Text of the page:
About the Book: As black clouds gather for America in 1775 Violet Buccleuch transforms from simple colonial farmer to become the Immortal American. While Boston roars with protests, Violet Buccleuch fights to survive. The lone provider for her mother and sister, Violet knows that soon enough she must surrender to the only option a woman of 1775 has: marriage. For two years she’s delayed a wedding to Mathew Adams, her fiancé. He’s loved her since they were children, and Violet knows he will be a good husband. But he’s gone and committed the most dangerous mistake a man can make: He’s introduced her to his friend, Jacque Beaumont, a Frenchman and a spy, a dark, dangerous man Violet can’t stop herself from wanting. Then Violet’s life is shattered–brutality, death, and the threat of debtor’s prison surround her. Both Jacque and Mathew come to her aid–one man rescues her farm, the other rescues her heart. As the Battle of Concord rages at her door, Violet is entangled between her loyalty to Mathew, even as she’s drawn further into Jacque’s shadowy, mysterious world – perhaps a world from which there’s no return.


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Check out all the stops on L.B. Joramo's The Immortal American virtual Book Tour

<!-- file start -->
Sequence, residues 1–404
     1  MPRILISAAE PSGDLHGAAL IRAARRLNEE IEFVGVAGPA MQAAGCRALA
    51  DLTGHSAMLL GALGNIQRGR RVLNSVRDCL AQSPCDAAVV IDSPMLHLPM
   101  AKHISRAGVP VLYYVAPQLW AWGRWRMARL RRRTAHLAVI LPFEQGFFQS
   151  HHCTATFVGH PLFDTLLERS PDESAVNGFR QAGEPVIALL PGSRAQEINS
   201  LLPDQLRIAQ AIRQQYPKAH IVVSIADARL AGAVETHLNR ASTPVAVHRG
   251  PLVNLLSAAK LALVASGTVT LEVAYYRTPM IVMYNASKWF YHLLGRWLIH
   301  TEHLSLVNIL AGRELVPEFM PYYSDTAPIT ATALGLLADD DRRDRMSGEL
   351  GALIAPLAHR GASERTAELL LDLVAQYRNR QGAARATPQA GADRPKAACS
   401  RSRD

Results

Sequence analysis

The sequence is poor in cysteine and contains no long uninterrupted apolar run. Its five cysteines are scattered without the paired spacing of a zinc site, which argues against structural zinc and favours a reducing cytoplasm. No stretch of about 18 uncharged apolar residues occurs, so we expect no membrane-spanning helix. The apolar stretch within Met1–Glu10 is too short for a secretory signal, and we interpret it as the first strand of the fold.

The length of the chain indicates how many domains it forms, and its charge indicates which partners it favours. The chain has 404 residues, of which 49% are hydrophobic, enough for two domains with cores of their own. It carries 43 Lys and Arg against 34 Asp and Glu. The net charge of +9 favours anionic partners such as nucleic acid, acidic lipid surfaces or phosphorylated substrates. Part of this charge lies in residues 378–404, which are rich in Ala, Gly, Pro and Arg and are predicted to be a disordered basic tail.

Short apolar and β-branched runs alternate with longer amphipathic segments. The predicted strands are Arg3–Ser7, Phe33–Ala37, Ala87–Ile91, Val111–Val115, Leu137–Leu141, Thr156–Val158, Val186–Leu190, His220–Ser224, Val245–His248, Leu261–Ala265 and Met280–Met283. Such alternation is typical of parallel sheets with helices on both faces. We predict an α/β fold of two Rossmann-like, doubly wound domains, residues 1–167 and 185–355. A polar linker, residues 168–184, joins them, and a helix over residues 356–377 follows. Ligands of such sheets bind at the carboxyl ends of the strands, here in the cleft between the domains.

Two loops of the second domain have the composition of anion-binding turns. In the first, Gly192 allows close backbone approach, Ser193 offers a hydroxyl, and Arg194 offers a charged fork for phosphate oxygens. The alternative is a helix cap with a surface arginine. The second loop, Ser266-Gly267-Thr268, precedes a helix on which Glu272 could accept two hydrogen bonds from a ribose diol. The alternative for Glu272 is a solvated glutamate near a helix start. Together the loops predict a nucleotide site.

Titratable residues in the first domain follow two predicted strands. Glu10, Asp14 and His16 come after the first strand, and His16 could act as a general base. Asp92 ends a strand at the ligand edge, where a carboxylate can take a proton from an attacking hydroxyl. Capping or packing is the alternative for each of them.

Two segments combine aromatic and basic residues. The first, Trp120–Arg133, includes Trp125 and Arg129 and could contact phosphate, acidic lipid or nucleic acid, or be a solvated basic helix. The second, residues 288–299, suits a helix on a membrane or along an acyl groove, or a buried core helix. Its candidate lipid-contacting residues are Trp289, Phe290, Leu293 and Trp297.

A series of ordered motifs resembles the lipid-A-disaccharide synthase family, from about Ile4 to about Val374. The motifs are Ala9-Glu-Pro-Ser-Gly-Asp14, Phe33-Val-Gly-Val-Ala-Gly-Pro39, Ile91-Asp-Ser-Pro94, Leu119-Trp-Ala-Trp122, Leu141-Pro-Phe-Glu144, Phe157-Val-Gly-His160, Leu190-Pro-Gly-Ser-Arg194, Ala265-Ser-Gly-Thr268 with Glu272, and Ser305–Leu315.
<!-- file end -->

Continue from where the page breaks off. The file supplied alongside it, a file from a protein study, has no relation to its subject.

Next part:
Monday, June 24
Review & Giveaway at Peeking Between the Pages
Tuesday, June 25
Review at Turning the Pages
Interview at Flashlight Commentary
Wednesday, June 26
Guest Post & Giveaway at Passages to the Past
Thursday, June 27
Review at Oh, for the Hook of a Book!
Friday, June 28
Interview & Giveaway at Oh, for the Hook of a Book!


5 comments:

7140c0c8-64a9-11e2-bcec-000bcdcb2996 said...

Thank you so much for having me on your blog! I love the pictures you posted with my interview!

Once more thank so much! And I wish you and everyone here has a lovely day!
Lanita Joramo

Ella Quinn - Romance Novelist said...

What a wonderful post, Lani. I tweeted.

Lana Williams said...

You have an amazing way of weaving in all that amazing history with the mystery and romance in the story! Loved, loved this book and can't wait for the next in the series! When will it come out?

Kiffer Brown said...

I enjoyed reading this blog interview! The excerpt from The Immortal American intrigued me to want to read more.

Kiffer Brown

Angela Adams said...

I enjoyed reading this interview and finding out more about "The Immortal American." Best wishes with your book.